August 10, 2014, 1pm PDT
Jason Fargo follows the announcement that the FBI will soon set up shop outside of the infamous and despised J Edgar Hoover Building in Washington D.C. by listing six buildings that residents of cities "love to hate."
July 22, 2014, 8am PDT
Ruth Graham details the work of Franz-Josef Ulm, who is developing a theory of "urban physics" that compares the structure of cities to materials found in nature. Boston, for instance, is disorderly like water (and Los Angeles).
July 19, 2014, 7am PDT
Google, partnering with the Environmental Defense Fund, has created a series of maps locating methane leaks around three cities in the United States. The question of just how much methane is leaking in a given city comes down to infrastructure.
Pittsburgh Post-Gazette - Powersource
July 19, 2014, 5am PDT
Dave Hampton, an architect and a principal at the consulting firm re:ground llc reviews last month’s "MIT Sea Grant’s Climate Change Symposium: Sustaining Coast Cities."
July 2, 2014, 12pm PDT
Jarrett Walker details the nuances of travel time comparisons, following on a recent Boston Magazine article comparing MBTA transit service to the new Bridj private bus service.
June 30, 2014, 8am PDT
Lauren K. Ohnesorge shares the results of a recent study that ranks the strength of the life sciences industry in the nation's metropolitan areas. Boston leads the list.
Triangle Business Journal
June 19, 2014, 12pm PDT
Boston is in the process of effectively privatizing the management of its largest transit hubs. The latest example: a deal that would renovate MBTA’s Back Bay Station in exchange for air rights for a skyscraper above the station.
June 16, 2014, 2pm PDT
Boston is considering regulatory changes that would extend the hours of late night services like alcohol sales and transit. An editorial in the Boston Globe recommends a data-driven approach for deciding where to implement the nightlife experiment.
June 6, 2014, 9am PDT
A private bus service launched this week in Boston that decides service based on crowdsourced data on where and when people need to travel.
May 28, 2014, 8am PDT
Boston is experiencing a period of brisk residential construction—most of which will enter the luxury market. New Mayor Martin Walsh has set the creation of middle class housing as a top priority for the city.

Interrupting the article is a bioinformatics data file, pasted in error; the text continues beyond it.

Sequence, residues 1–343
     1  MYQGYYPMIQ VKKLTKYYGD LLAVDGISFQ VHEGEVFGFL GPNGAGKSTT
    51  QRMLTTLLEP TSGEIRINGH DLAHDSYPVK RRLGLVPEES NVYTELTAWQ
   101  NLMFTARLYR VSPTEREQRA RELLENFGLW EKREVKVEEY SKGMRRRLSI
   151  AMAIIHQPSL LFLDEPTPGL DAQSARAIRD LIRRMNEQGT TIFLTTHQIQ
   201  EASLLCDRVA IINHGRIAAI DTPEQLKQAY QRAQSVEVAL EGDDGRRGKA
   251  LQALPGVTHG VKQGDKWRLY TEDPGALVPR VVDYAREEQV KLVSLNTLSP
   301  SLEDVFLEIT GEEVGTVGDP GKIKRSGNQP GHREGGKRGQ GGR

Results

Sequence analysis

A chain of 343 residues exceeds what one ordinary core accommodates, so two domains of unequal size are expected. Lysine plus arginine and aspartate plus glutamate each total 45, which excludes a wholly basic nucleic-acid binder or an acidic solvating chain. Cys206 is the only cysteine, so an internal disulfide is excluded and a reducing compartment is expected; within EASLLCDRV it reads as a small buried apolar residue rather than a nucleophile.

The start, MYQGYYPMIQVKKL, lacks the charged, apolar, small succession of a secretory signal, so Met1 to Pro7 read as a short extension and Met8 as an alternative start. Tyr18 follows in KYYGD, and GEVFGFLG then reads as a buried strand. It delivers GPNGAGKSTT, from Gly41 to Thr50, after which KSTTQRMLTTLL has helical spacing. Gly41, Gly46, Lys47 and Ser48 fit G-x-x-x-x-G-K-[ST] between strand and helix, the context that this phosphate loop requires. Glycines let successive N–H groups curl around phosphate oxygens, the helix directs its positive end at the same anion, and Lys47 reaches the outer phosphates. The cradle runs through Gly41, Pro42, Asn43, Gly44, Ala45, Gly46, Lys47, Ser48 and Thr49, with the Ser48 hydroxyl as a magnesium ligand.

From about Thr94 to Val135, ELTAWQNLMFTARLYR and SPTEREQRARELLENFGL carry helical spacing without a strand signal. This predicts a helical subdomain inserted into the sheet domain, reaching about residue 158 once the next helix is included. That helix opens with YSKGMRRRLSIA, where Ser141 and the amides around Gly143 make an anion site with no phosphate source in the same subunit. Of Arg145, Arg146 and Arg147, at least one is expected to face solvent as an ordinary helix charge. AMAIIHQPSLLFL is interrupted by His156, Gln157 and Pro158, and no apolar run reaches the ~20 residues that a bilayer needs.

May 13, 2014, 12pm PDT
With six new Green Line stations coming to Somerville, Massachusetts in the next few years, planners and political leaders are trying to find the right balance between transit oriented redevelopment and its more expensive consequences.
April 10, 2014, 5am PDT
The gridlock in American cities today doesn't compare to the crush on streets in Boston and New York City in the mid- to late-1800s. In The Race Underground, Doug Most chronicles the occasionally synchronous development of the nation’s first subways.
April 8, 2014, 2pm PDT
Bikeshare programs have met varied degrees of success in North America. Boston’s Hubway, the result of a public-private partnership, is turning a profit entering its fourth year. What's its secret?
March 24, 2014, 8am PDT
“A City of Neighborhoods,” a new exhibit at the Boston Public Library, uses maps to illustrate how waves of immigration shaped the city and its neighborhoods throughout the 20th century.
March 23, 2014, 11am PDT
Boston recently shut down one of its busiest transit hubs, the Government Center T Station for over-due renovations above and below the ground. The station was originally built in 1898, and without a major renovation since the 1960s.
March 21, 2014, 1pm PDT
New Boston Mayor Martin J. Walsh has installed a large data dashboard in his office to track the performance of everything from city services, hot line call volume, and social media sentiment.
March 5, 2014, 6am PST
Given the unprecedented nature of the gentrification occurring in American cities, many cities have had to respond swiftly to the pressures of changing neighborhoods. A new article surveys cities using property tax relief to support urban homeowners.
February 20, 2014, 11am PST
Boston, like other cities around the country, suffers from a housing shortage. Initial micro-apartment developments met plenty of demand, but whether the model is a panacea for the city’s housing shortage is still in question.
January 18, 2014, 7am PST
The urban farming movement won a big victory recently in Boston, where new zoning regulations allowed for the creation of certain kinds of commercial farms within city limits.
January 10, 2014, 1pm PST
This week, the Massachusetts Department of Transportation (MassDOT) announced how it aims to spend $12.4 billion on road and transit projects over the next five years. Expansions of Boston's Fairmount Indigo Line and Green Line are planned.